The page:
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Urban Resident Education Integrating Investigations of Non-Point Source Pollution in Groundwater and Public Perceptions/Technical Understanding
YEAR: 2008
INVESTIGATORS: Mimi Wagner, William Simpkins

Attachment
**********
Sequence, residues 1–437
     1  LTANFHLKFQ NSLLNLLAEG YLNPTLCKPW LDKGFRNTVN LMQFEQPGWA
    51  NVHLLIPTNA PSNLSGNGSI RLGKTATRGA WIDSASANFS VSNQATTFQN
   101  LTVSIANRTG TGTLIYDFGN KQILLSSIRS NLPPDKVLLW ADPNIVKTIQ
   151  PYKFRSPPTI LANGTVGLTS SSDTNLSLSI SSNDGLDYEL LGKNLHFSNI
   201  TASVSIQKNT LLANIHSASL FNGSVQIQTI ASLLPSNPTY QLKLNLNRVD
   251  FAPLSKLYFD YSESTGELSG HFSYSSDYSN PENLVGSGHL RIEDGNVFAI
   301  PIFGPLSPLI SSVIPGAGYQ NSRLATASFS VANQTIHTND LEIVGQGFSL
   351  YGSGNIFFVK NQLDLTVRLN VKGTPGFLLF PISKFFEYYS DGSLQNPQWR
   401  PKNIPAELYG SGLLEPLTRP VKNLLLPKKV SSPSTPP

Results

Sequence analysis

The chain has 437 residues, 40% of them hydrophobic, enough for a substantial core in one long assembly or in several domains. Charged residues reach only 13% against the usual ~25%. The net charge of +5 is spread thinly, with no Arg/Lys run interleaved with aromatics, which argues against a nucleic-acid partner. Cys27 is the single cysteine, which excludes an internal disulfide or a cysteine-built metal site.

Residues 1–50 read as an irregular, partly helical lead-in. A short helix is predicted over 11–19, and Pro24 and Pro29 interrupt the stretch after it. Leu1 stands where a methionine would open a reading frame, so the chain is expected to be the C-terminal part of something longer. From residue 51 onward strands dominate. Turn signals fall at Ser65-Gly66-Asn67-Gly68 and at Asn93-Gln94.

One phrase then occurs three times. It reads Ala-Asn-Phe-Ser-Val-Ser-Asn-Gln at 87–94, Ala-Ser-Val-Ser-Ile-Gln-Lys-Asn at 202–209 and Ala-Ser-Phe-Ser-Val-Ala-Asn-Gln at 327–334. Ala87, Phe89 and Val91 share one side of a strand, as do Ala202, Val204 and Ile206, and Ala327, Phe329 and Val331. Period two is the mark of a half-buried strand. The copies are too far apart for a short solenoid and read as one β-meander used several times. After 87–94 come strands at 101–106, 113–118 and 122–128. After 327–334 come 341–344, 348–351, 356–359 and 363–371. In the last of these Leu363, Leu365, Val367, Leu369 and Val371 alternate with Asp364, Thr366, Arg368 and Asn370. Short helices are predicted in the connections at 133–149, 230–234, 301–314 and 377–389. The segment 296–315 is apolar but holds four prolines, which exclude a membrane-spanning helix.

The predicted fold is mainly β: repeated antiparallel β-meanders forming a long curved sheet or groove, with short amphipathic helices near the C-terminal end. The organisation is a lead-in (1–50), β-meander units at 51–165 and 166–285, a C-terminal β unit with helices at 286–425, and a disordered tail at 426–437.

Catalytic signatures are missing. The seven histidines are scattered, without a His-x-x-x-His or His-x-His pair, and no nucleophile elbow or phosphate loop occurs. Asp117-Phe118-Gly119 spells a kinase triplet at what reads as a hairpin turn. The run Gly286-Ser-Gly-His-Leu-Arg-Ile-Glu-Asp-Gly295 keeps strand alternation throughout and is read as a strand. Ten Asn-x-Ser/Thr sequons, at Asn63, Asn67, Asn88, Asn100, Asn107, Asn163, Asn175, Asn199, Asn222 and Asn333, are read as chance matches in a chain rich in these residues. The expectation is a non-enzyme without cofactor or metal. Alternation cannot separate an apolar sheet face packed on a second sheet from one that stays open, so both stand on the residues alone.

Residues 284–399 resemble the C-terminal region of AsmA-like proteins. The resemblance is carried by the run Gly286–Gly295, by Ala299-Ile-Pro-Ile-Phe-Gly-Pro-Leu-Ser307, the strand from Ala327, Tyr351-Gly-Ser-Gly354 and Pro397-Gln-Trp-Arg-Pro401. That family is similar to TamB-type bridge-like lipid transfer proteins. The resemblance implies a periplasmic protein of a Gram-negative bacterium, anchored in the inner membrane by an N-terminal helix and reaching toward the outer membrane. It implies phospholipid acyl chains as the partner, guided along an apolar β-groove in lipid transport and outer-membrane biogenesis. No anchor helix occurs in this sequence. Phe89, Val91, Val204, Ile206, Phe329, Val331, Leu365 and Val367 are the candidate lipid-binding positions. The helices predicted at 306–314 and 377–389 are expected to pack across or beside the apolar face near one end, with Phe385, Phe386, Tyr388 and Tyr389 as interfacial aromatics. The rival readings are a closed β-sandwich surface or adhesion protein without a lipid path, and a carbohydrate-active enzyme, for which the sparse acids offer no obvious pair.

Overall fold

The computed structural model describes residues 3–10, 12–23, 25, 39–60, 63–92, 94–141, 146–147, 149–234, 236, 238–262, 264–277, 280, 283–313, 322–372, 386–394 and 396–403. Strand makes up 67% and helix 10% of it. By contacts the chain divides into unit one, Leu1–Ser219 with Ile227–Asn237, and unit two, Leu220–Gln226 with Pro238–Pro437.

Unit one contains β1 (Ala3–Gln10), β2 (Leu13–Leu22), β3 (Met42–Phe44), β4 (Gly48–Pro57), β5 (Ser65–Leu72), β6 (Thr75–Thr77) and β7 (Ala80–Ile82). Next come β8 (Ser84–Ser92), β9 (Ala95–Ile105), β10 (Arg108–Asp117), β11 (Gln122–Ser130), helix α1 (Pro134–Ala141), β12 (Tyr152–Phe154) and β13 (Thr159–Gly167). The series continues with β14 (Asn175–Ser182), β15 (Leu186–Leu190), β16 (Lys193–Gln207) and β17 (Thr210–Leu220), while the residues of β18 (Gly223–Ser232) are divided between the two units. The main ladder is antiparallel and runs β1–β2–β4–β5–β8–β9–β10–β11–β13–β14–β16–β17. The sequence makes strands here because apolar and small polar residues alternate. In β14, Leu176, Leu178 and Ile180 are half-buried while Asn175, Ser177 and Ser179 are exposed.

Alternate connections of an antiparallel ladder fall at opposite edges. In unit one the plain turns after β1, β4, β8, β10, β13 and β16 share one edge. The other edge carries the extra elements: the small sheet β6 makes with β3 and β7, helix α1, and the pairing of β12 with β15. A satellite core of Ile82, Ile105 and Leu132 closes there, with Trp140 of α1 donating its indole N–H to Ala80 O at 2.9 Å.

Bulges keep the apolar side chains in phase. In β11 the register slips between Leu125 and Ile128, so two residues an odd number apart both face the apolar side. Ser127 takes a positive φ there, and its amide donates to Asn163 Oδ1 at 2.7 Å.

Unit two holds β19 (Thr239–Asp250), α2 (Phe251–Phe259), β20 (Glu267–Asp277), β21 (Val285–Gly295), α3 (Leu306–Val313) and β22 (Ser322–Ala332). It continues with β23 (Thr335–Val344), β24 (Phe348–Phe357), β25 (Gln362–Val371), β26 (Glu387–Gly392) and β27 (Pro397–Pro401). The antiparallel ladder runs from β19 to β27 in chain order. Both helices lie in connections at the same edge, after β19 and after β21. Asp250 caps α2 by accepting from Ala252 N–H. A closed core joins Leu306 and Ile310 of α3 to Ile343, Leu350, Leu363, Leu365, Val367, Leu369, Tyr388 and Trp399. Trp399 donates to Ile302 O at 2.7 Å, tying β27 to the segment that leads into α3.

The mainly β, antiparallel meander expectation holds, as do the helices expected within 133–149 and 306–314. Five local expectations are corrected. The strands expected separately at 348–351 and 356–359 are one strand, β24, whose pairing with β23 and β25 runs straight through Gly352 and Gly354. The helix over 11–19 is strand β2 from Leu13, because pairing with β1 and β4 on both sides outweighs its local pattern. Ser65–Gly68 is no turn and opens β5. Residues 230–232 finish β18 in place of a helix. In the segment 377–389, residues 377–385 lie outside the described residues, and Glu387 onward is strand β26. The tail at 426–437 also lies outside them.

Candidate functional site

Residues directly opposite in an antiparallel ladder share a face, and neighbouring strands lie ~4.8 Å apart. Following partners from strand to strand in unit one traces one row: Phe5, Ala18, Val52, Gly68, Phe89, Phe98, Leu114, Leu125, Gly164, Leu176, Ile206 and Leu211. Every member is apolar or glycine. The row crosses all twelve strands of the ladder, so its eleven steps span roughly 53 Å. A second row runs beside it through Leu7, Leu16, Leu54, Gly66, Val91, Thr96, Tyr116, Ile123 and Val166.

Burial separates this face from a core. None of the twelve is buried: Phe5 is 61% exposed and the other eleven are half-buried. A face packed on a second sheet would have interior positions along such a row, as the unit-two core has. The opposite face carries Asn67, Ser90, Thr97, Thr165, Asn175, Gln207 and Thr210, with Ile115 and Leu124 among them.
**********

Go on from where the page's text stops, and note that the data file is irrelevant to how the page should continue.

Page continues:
The quality and quantity of groundwater resources in Iowa are a growing concern because of increased pressures on quantity and concerns about contamination. Interactions between land management, groundwater, and surface water are conceptually well understood but the impact of temporal shifts on groundwater and surface water are largely unknown. Groundwater and streamwater quality are of particular concern in cities such as Ames because of their reliance on groundwater as a water supply. Recent monitoring near College Creek in Ames identified nitrate in groundwater at two of four transects and significant total P and SRP concentrations present in all 12 wells and in streamwater. Recent groundwater modeling of the Ames aquifer suggests direct interaction between surface water transported through tributaries running through the city and the Ames aquifer. Because most streams that enter the alluvium of Squaw Creek and South Skunk River becoming losing streams at that point, contaminants in the streams will impact the city’s water supply. Thus, efforts to prevent contaminants from getting to streams in headwater areas are necessary to protect groundwater quality downstream. Those responsible for the contaminant loading become as important as the presence of the contaminants themselves. This research proposes the addition of a strongly integrative groundwater-streamwater component to an ongoing urban stormwater research/non-point source pollution research and stream stabilization effort on College Creek in Ames. Our proposal occurs at an interesting and exciting time for College Creek and the Ames community. The City of Ames is partnering with ISU researchers whose work with water resources in the community are supported by multiple agencies and institutions. The City also committed $291,540 of its operating budget over the next three years to match an IWIRB grant they were awarded for College Creek stream stabilization and riparian enhancement. As this momentum for addressing non-point source pollution grows, it is also understood that only a very limited amount of research has been dedicated to exploring groundwater from the perspective of the urban residentthe group likely responsible for much of the contaminant loading occurring in headwater areas. This proposal includes an innovative community-based education based on biophysical and social investigations of the urban groundwater-streamwater system at the neighborhood scale. We focus specifically on interactions between land management, groundwater, soil water and streamwater within the urban residential landscape. Monitoring of a nested well site adjacent to College Creek in Ames is accompanied by simultaneous investigation of groundwater perceptions and technical understanding among a statically representative sample of urban, riparian landowners. Research activities are organized to utilize the results from each component to inform the others. Early monitoring results are utilized to develop a social assessment tool to characterize the perceptions & misconceptions residents hold concerning local hydrologic processes and conditions. Social assessment results add landowner behavior data that, when integrated with monitoring and modeling, contribute to a greater understanding of nutrient movement between the landscape and hydrologic system. Finally, educational curriculum is developed to integrate both monitoring results as well as any lack of understanding or misconceptions identified during social assessment.